China to phase out all petrol and diesel cars


The decision by China could lead to serious ripples in the automobile manufacturing sector as the country is the largest vehicle market on the planet.

Xin Guobin, China's vice-minister of industry and IT, reportedly told a motor industry event in Tianjin over the weekend that the Chinese government is now working out a timetable to phase out sales of fossil fuel cars altogether.

The vice minister, Xin Guobin, said research on a ban is already underway, and that a timeline on possible implementation will come later.

Such a plan, he added, would "certainly bring profound changes for our auto industry's development".

Chinese authorities plan to ban the production of cars with petrol and diesel engines. From January to July 2017 alone - more than 2 lakh such vehicles have seen sold in China.

While there is no estimated date, a senior figure in the country's largest passenger auto manufacturer, Chery Automobile, said the likelihood is that it will be sometime after 2040, to leave plenty of time for the company and others to prepare.

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China has announced it is mulling over a ban on the production and sale of petrol and diesel based cars and vans from 2040 in an effort to boost the production of electric vehicles.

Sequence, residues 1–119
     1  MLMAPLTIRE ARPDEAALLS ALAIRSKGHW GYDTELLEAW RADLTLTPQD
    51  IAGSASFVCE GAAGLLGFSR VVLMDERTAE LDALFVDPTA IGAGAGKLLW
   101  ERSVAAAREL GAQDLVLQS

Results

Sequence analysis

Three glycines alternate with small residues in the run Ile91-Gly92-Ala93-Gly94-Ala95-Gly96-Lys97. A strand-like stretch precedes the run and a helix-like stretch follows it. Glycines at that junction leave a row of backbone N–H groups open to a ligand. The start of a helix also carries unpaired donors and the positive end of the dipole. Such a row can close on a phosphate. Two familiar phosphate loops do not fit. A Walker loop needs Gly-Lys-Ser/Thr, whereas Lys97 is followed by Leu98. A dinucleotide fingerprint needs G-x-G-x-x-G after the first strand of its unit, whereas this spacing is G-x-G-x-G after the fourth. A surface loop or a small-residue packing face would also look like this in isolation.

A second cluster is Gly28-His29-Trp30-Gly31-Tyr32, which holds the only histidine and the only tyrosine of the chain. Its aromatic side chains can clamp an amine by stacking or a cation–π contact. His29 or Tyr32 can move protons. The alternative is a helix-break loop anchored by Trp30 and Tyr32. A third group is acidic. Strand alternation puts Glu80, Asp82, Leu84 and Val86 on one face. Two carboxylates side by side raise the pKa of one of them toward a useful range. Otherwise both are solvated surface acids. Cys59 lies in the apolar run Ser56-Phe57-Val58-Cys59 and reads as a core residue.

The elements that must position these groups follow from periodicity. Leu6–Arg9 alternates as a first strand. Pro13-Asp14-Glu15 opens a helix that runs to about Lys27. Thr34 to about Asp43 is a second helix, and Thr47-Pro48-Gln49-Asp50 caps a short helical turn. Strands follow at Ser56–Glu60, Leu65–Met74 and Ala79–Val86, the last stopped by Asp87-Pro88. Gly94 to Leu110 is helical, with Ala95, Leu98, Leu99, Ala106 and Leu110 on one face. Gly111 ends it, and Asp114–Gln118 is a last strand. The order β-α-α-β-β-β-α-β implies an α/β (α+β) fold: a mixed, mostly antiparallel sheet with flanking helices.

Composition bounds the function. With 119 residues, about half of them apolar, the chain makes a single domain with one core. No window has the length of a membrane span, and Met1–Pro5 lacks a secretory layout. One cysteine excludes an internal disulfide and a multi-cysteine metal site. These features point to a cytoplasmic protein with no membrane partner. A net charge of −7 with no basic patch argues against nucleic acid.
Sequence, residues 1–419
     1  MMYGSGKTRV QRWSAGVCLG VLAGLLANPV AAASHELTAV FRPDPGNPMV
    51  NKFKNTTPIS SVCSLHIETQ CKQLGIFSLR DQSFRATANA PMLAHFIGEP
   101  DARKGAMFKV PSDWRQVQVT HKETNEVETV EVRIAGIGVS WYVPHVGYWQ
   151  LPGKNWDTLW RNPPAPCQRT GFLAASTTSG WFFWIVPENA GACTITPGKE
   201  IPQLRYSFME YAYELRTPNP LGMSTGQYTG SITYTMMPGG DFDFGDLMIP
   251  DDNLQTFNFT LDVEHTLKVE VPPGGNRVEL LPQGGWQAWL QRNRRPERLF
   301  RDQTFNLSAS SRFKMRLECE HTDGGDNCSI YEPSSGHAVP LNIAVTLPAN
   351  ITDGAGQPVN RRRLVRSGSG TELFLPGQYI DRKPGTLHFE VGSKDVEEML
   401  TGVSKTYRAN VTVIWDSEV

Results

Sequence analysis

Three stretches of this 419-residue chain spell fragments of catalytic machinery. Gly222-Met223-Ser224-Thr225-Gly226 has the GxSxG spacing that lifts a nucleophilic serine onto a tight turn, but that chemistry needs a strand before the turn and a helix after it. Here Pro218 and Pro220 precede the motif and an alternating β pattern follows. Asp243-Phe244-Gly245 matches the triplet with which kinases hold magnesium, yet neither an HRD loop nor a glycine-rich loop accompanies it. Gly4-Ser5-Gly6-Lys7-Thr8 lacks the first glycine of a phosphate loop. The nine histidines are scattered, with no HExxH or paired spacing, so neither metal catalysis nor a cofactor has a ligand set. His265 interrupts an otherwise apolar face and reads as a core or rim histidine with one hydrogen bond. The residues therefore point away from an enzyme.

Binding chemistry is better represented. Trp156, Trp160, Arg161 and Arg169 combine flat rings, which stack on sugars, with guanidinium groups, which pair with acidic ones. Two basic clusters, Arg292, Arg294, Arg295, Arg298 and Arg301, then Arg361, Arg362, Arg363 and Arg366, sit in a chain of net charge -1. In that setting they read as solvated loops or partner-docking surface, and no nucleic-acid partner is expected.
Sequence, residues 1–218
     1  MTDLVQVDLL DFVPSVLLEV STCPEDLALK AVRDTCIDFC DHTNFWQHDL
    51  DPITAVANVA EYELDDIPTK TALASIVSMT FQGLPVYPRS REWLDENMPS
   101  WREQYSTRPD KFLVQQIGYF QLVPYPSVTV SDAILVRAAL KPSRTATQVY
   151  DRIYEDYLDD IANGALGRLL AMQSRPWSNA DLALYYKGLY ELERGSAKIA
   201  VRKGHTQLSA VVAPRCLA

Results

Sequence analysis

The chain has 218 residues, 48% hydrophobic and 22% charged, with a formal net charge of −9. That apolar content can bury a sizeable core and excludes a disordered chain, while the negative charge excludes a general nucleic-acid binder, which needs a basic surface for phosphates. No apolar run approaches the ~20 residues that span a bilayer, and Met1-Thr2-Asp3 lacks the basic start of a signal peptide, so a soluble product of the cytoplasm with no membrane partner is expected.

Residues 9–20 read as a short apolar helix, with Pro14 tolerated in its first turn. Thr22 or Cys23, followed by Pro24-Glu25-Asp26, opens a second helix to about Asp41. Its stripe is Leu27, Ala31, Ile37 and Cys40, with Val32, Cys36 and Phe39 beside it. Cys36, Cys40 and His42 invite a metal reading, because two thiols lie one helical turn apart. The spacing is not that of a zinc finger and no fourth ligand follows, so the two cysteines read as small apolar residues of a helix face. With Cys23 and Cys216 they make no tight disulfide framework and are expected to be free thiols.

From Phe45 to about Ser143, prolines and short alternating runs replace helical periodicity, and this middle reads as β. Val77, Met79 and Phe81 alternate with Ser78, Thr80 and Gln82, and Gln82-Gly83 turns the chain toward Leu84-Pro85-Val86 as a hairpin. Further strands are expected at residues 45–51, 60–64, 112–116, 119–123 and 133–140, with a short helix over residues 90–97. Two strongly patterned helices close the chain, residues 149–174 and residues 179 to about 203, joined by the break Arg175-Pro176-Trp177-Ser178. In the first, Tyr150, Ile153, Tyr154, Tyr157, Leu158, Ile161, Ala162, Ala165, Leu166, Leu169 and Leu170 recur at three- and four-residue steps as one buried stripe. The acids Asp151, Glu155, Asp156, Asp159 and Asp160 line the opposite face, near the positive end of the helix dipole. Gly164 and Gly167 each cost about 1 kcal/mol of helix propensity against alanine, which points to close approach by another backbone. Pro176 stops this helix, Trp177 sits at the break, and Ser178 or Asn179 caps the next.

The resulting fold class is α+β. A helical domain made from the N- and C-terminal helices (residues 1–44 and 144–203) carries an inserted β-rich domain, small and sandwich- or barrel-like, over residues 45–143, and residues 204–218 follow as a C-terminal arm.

Xin said the policy would be implemented "in the near future", according to the official Xinhua news agency.

As well as moving to satisfy the demands of changing markets, Germany wants to ban sales of such vehicles by 2030, while the United Kingdom and France have pledged to to do the same by 2040.

China passed the United States previous year as the biggest electric auto market.

Chinese-owned carmaker Volvo said in July that all its new vehicle models would have an electric motor from 2019. Shares of BYD, the country's largest electric vehicle maker surged 7.2 percent, while Guoxuan High-Tech, a manufacturer of batteries for electric vehicles gained as much as 5.3 percent. This has already allured a lot of global companies like Ford, VW, Nissan, form joint ventures with Chinese carmakers. Chinese-owned manufacturer Volvo also said earlier this year that it will put electric motors in all its new cars from 2019.